Rirkrit Tiravanija's Untitled 1992 (Free), was originally exhibited at 89 Greene Street in the former 303 Gallery space in 1992. 303 Gallery was on the second floor at 89 Greene Street, just a few feet from Matta-Clark's Open House site. In that exhibition, Tiravanija took the contents of the entire gallery - kitchen, storeroom, bathroom and office - and publicly deposited/displayed them in the main gallery space. In what had been the gallery office, he set up a provisional kitchen where Thai curry was cooked and served to visitors. Taking his historical cues not only from distinctly non-Western Thai traditions, but also from Alan Kaprow, Michael Asher, and Matta-Clark, Tiravanija's seminal exhibition helped create a pivitol moment of rupture from the wealth and abundance of the previous decade. For this exhibition, Tiravanija will make a ghost of the 89 Greene Street space in plywood. The kitchen - which will include the same stools, table s, cookers, pots, pans, and refrigerator, along with the same 15-year old food waste - will be used and shown in what will be the "office." Untitled 1992 (Free) will also be exhibited.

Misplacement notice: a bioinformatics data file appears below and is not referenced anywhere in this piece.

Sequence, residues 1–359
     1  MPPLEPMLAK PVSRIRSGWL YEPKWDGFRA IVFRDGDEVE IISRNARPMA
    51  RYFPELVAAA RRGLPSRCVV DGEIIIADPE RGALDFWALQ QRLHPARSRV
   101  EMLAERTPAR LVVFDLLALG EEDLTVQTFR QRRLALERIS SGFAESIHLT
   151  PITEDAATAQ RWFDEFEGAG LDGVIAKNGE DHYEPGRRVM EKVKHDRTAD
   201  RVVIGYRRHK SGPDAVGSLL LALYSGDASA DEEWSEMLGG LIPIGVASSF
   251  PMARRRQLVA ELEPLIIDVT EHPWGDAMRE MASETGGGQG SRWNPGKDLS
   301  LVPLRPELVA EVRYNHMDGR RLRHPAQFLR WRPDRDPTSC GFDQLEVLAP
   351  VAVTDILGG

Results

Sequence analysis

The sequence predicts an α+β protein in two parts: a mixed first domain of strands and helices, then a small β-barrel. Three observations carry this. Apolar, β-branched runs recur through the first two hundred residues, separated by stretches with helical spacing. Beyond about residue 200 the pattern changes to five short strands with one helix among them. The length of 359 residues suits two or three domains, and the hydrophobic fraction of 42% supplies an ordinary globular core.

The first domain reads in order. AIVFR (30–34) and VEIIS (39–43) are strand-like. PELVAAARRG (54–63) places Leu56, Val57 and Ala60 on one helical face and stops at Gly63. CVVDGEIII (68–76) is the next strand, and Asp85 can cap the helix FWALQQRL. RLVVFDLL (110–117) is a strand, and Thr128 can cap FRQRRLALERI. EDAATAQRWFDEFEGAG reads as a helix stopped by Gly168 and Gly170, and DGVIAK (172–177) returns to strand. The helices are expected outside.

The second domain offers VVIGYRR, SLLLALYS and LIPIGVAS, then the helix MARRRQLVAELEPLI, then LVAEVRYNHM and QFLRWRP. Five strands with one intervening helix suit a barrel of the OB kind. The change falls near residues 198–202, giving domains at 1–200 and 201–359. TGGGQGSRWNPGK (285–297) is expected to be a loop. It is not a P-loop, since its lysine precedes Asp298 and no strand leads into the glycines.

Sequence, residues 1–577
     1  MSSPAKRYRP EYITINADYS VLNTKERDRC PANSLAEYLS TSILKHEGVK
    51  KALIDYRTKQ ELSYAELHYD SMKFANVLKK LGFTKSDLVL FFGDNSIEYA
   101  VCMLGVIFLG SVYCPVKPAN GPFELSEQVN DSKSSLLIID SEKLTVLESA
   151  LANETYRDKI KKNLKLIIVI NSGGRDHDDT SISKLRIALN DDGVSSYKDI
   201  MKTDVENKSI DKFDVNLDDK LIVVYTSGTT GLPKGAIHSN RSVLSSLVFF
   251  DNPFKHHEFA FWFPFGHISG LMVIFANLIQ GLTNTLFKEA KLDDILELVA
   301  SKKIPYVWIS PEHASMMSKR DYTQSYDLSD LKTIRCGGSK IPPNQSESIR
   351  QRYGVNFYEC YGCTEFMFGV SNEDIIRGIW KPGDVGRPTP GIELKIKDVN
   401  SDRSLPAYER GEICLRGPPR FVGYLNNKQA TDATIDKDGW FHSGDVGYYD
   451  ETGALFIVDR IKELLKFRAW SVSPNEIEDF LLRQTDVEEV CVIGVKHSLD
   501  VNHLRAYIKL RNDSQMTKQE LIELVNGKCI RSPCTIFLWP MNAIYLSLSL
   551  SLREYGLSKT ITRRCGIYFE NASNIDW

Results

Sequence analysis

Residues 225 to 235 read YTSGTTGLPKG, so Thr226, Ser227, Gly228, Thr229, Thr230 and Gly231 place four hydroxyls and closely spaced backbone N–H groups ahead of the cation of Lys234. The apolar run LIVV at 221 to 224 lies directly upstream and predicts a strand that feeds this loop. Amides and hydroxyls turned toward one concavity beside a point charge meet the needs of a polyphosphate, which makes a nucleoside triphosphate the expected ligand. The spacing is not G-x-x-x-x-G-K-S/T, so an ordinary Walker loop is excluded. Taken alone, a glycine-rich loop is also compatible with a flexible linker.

Opening on March 21, 2007, David Zwirner is pleased to present an exhibition of new photographs by Los Angeles-based artist James Welling. In 2006, Welling was included in group exhibitions at the Centre Georges Pompidou, Paris, France; Museu de Serralves, Porto, Portugal; Museum of Modern Art, New York, NY; the Chelsea Art Museum, New York, NY; and P.S.1, Long Island City, NY. His exhibition Agricultural Works, a project sponsored by Minetta Brook, was recently exhibited at the Hudson River Museum, Yonkers, NY (2006). The exhibition James Welling – Flowers, 2005 is on display at The Horticultural Society of New York on W. 37th Street, 13th Floor, from March 23 through June 22, 2007. This will be Welling’s second solo exhibition at David Zwirner and will include selections from three recent bodies of work: Flowers, Hexachromes, and Authors. For the past 5 years, James Welling has explored the phenomena of color: its material presence as layers of dyes on a sheet of photo paper; its perceptual existence in the eyes of the viewer; and its symbolic place in both personal and historical contexts. This exhibition documents Welling’s most recent investigation of color.